Now, Bob, there's no question, I was brought here for two reasons, to Memphis, to improve the graduation rate, which is what I did at UMass. We went from 15 percent to 80 percent. And to win basketball games. You got to do both, but you got to win. If we're down here not winning, we're going to have a problem. The only way you win is recruit good players.
Ley - And you win with talent. And Bobby, coaches are addicted to talent. When you hear a Mike Jarvis or a Lute Olson saying, you know, I'm going to shy away from situations like this, what goes through your mind? Is it just frustration? Do you think they really are going to do that?
Cremins - Yes, I think the one-year player can be disruptive, Bob. But the coaches who are surprised -- I remember last year, I ran into Cliff Ellis, and he was all upset and I said, "What happened, Cliff"?
And he said, "Well, last night, Jamison Brewer told me he was leaving school and going to the pros." I believe it was the night before the draft.
The coaches who get caught by surprise, they're the ones that are going to get burned. Again, you look at Mike Krzyzewski, he has Chris Duhon there in case, of course, the great player leaves. But he's going to stay. And you've just got to be prepared. That's the key factor.
Ley - Well, John, are you preparing for the possibility it's one year and out for Dajuan?
Calipari - Sure we are. Sure we will. We've got another player coming in named Qyntel Woods, who is another young man, he's a junior college player. But there's a good chance he'll be a one and out. But everyone else we're recruiting will be multiple year players. And my goal right now is within four years to have our graduation rate at 75 percent.
But my job is to prepare these young men for life after basketball. Some of it means preparing them for a professional life. Others, they may not be.
Ley - All right, we'll leave it right there. Gentlemen, thanks so much. John Calipari, thanks for joining us. Bobby Cremins, maybe we'll see you back at coaching. I know a lot of folks in the sport would love to see that happen.
Cremins - Thank you, Bob.
Ley - It is an annual question, certainly, a college football playoff. A realistic appraisal? What about Gary Barnett?
Gary Barnett, Colorado head coach - Look at the interest that you have in college football right now. I mean, it's unbelievable. Every game in November has meant something huge. And so to me, this is the playoffs.
Announcer - Outside The Lines is presented by State Farm Insurance. Like a good neighbor, State Farm is there.
Barnett - The way I see it happening, it comes down to eight teams, probably, and it'll be the same eight every year. The teams that are not the top 10 or 12 teams in the country will never have a chance to get in those playoffs. And so it's a rich get richer deal. I don't think football is a playoff sport. I don't think it's a tournament sport.
I think what you're seeing right now in the month of November is the playoffs.
Ley - I wonder what he would say this morning. That interview we of course recorded before last night, Colorado's victory over Texas.
The retail truth in America, the customer is always right. In an ESPN.com poll, fans say they want a playoff by an 88 percent to 12 percent margin.
Now, the bowl championship series with its rocket-size formula delivers two teams, but hardly without controversy, especially after yesterday and last night. Miami nearly lost. Tennessee winning at Florida. Colorado upsets Texas. It was in many ways the worst nightmare of the current system.
Fans say they want a playoff. Here then are the obstacles.
The college bowl system is rich in history, money and a streak of independence. In the last six years alone, bowls have paid over one-half billion dollars to schools, and only in the last three years have bowls worked together to create the BCS Alliance.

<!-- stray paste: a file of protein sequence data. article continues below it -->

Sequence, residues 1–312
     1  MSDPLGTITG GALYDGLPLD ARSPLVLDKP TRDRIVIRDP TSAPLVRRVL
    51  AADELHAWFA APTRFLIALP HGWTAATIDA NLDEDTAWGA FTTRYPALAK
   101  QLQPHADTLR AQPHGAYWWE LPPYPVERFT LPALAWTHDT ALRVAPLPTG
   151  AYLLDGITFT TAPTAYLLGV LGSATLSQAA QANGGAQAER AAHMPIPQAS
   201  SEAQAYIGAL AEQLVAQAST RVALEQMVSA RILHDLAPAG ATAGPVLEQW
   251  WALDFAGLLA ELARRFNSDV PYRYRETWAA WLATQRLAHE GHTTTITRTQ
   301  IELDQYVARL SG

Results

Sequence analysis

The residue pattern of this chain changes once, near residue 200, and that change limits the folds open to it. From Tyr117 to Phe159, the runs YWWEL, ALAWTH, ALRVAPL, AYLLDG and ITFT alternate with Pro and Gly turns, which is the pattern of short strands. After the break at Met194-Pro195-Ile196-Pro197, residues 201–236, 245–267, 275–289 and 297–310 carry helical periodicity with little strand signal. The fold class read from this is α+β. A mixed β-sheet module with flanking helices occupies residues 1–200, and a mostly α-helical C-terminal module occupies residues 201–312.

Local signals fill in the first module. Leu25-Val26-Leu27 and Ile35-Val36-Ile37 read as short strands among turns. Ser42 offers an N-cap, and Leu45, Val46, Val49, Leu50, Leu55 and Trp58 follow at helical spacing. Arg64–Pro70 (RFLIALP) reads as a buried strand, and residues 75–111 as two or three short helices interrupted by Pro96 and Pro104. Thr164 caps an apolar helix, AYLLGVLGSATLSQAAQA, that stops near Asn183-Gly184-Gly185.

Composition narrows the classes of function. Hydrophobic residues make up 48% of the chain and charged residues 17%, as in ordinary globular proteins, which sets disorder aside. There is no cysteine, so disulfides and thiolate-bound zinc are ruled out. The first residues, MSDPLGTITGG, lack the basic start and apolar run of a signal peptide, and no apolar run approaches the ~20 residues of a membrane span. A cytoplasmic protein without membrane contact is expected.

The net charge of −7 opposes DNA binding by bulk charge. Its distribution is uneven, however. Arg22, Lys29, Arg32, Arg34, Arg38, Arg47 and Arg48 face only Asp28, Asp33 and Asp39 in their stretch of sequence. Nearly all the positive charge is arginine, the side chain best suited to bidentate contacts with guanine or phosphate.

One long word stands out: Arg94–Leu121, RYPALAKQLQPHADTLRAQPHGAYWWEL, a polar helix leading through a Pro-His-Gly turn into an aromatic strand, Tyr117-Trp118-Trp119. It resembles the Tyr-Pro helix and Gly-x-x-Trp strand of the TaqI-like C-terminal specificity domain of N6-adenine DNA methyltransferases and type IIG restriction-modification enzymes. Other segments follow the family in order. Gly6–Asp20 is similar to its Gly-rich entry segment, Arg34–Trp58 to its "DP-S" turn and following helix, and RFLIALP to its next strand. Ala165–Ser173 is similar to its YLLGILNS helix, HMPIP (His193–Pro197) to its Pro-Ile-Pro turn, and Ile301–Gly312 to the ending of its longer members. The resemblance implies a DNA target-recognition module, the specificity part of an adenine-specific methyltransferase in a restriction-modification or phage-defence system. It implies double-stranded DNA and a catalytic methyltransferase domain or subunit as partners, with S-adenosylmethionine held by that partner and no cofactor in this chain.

Would bowls bring the same economic boost to cities if fans had to budget for multiple post-season games? Already there's a steep step down in the payout to the next tier of bowls, a two-thirds reduction to the richest non-BCS bowl, the Citrus. That disparity could grow, and minor bowls be in danger with a playoff system.
Sure, it comes down to money. Most things do. ABC's sports contract with the BCS totals nine years, nearly $1 billion. By 2006, each of the eight games in the BCS bowl will receive $17 million per game. A playoff system must top those numbers to be in play. And that's an open question with the U.S. economy in recession and TV sports ratings generally down.
It might be necessary for more than one television network to bankroll a playoff system. That raises the question of staging and televising the games. Playoffs utilizing existing bowls would presumably begin during December, where Saturdays already include NFL regular season telecasts. Would networks, all of them under financial pressure, be willing to place the playoff games in prime time?
Well, the issue is centered at the power base of the sport, the conferences, whose traditional marquee regular season match-ups and new conference championships bring profits and an importance magnified by the current bowl system, all of which might take a hit under a formal playoff system.
Now, what do fans believe is standing in the way of a playoff? Half of all fans say it is the bowl system and the conferences are named by about 12 percent. In other words, over 60 percent say those in charge of the status quo are comfortable, thank you.
Speaking of conferences, we welcome the commissioner of the Big 10 conference, Jim Delany. He joins us from outside Chicago. And Neal Pilson, who is the former president of CBS Sports and now a leading media consultant. He is in Chappaqua, New York.
Let me begin with Commissioner Jim Delany, as in the words of Laurel and Hardy, another fine mess you've gotten us into after last night, someone might say, looking at all the upsets.
Jim Delany, Big Ten Conference commissioner - Well, I would, I would describe it as maybe one of the most exciting weekends in the history of college football, and I think one of the things that maybe is misunderstood is the extent to which the BCS, the one-two game, has added interest and value and passion to the regular season.